Washington State Law Protects Temporary Agency Workers
The Washington State Legislature recently passed a new lawexternal icon that has been signed by the Governor to protect workers employed through temporary staffing agencies. This new legislation is based on NIOSH-funded researchexternal icon from Washington’s State-based Occupational Safety and Health Surveillance Program. The research showed that temporary workers were more likely to be injured on the job than permanent workers but were less likely to get the training needed to recognize and protect themselves from job hazards. The new law requires construction and manufacturing employers to work with temporary staffing agencies to make sure these workers are informed of job hazards and receive safety training.

New Video Featuring Pacific Northwest Agricultural Safety and Health Center
Check out this new video on the Pacific Northwest Agricultural Safety and Health Center (PNASH)! Learn how the center conducts research and promotes effective safety and health practices for producers, workers, and communities in farming, fishing, and forestry within the Northwestern U.S. region. PNASH is 1 of 11 Centers for Agricultural Safety and Health (Ag Centers).

New Training Materials for Heat-related Illness Prevention
The Western Center for Agricultural Health and Safety (WCAHS) ​recently developed heat-related illness (HRI) prevention training materials in Englishexternal icon and Spanish​external icon ​that cover the California Occupational Safety and Health Administration (Cal/OSHA) Heat Standard training requirements. The training materials complement a recently released videoexternal icon on the benefits of workplace heat illness prevention programs. WCAHS developed these materials as part of the California Heat Illness Prevention Studyexternal icon, a NIOSH-funded research and outreach effort. WCAHS is a Center for Agricultural Safety and Health (Ag Center).

Webinar Looks at the Study of Ethics for OSH Professionals
In this April 15 webinar on ethicsexternal icon, Jan K. Wachter, professor in the Safety Sciences department at Indiana University of Pennsylvania, explains the basics of ethics within Occupational Safety and Health (OSH) professions. He discusses ethics as a necessary area of study for the OSH professional, and how to educate OSH students and professionals on ethics. He explores the use of varying situational context and student participation for understanding and applying various approaches to professional ethical decision-making. The webinar was hosted by the American Society of Safety Professionals (ASSP)external icon.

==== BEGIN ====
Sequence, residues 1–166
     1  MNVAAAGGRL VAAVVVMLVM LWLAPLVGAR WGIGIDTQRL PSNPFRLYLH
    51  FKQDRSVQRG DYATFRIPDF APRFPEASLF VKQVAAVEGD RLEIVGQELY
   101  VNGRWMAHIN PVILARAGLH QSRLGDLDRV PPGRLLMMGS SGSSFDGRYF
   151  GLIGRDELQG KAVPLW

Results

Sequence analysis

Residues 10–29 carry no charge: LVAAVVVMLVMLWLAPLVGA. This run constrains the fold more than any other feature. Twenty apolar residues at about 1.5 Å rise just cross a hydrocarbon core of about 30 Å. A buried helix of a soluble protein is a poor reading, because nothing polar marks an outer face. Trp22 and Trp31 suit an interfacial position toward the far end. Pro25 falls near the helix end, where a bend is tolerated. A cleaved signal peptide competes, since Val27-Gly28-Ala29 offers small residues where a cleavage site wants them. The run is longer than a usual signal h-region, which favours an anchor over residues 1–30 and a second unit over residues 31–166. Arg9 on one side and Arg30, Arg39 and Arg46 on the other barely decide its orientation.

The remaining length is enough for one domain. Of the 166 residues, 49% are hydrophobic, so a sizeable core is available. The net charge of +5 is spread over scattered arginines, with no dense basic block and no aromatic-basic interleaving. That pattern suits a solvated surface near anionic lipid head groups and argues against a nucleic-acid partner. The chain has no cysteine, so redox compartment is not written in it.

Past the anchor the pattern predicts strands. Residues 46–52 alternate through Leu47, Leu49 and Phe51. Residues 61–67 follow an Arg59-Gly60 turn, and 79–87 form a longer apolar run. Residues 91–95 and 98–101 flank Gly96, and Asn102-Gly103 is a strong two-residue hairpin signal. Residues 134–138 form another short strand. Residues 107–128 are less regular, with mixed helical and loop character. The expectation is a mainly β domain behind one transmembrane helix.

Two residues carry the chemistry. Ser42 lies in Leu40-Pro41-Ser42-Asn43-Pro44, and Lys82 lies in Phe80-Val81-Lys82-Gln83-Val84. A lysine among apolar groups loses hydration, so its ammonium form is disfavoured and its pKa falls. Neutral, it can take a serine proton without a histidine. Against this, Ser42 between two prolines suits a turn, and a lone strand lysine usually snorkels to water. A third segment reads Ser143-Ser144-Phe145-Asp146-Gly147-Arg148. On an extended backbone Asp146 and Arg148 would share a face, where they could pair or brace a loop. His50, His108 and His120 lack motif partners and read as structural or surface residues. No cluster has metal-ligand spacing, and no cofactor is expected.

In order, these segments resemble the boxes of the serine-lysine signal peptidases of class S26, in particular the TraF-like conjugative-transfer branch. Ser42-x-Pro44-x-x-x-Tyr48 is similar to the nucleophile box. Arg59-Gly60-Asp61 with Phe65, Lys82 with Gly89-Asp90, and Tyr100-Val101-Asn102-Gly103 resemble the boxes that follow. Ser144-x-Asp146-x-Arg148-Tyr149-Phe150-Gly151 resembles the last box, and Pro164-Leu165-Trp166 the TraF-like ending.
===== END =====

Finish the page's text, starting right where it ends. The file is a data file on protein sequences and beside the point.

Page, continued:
The Occupational Safety & Environmental Health Program Marks 40 Years at Millersville University
Millersville University held an online event April 28 to celebrate the 40th anniversary of its Occupational Safety & Environmental Health Program—a program that is 1 of the 28 recipients of the NIOSH-funded Training Project Grant. The day-long program, which was recorded, featured presentations by leading safety professionals, as well as panel discussions, breakout sessions, tours, and interactions with current students. The program also recognized its partnership with NIOSH during this milestone event. You can read information about it on the Millersville University websiteexternal icon.

SaferNano Virtual Training
The European Scientific Institute (ESI) is hosting a virtual training programexternal icon May 19–28 on safer nanomaterials. The program, ESI SaferNano 2021 Beyond Global Health, aims to accelerate nanotech innovations through a safer-by-design approach. SaferNano brings together students and faculty from all over the world and across different disciplines to work together solving global challenges to public health through the use of nanotechnology and nano-enabled applications of nanoscience. For more information, please contact Dr. Ilise Feitshans.

Call for Abstracts:

  • Ex4OSH 2021 Call for Abstracts: The deadline to submitexternal icon abstracts is June 18.
  • National Occupational Injury Research Symposium: The deadline to submit abstracts and proposals for sessions is October 1.

Conferences, Meetings, Webinars, & Events

This page provides a list of publicly available occupational safety and health-related conferences, meetings, webinars, and events sponsored by NIOSH as well as other government agencies, and nongovernment agencies, such as universities, professional societies, and organizations.

Page last reviewed: May 1, 2021